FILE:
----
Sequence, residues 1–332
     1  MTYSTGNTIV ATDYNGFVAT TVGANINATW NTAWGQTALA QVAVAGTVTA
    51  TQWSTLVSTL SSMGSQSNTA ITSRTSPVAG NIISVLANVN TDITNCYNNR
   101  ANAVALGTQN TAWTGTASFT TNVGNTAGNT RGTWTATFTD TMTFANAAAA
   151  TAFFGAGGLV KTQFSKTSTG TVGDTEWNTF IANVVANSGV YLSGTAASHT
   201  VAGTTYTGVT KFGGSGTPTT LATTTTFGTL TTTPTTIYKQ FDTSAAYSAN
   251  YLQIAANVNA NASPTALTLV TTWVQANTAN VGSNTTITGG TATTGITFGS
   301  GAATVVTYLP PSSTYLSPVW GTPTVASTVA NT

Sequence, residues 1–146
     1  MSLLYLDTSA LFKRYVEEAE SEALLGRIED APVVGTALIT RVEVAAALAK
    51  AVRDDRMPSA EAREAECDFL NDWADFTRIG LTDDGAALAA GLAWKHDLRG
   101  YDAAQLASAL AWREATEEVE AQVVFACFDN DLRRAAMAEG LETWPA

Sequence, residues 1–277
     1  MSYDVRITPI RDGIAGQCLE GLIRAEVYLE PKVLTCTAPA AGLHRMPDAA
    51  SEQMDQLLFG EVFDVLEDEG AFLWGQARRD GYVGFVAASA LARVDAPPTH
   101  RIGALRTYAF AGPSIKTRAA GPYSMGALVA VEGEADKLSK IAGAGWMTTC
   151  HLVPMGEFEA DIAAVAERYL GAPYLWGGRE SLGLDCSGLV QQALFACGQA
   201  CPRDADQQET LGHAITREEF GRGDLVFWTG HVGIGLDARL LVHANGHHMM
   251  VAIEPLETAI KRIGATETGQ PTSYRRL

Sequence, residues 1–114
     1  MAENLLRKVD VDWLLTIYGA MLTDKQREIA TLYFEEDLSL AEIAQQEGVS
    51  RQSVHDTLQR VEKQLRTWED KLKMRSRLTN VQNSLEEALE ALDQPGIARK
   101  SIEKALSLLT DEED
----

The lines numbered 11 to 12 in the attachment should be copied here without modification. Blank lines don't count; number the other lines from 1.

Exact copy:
    51  AVRDDRMPSA EAREAECDFL NDWADFTRIG LTDDGAALAA GLAWKHDLRG
   101  YDAAQLASAL AWREATEEVE AQVVFACFDN DLRRAAMAEG LETWPA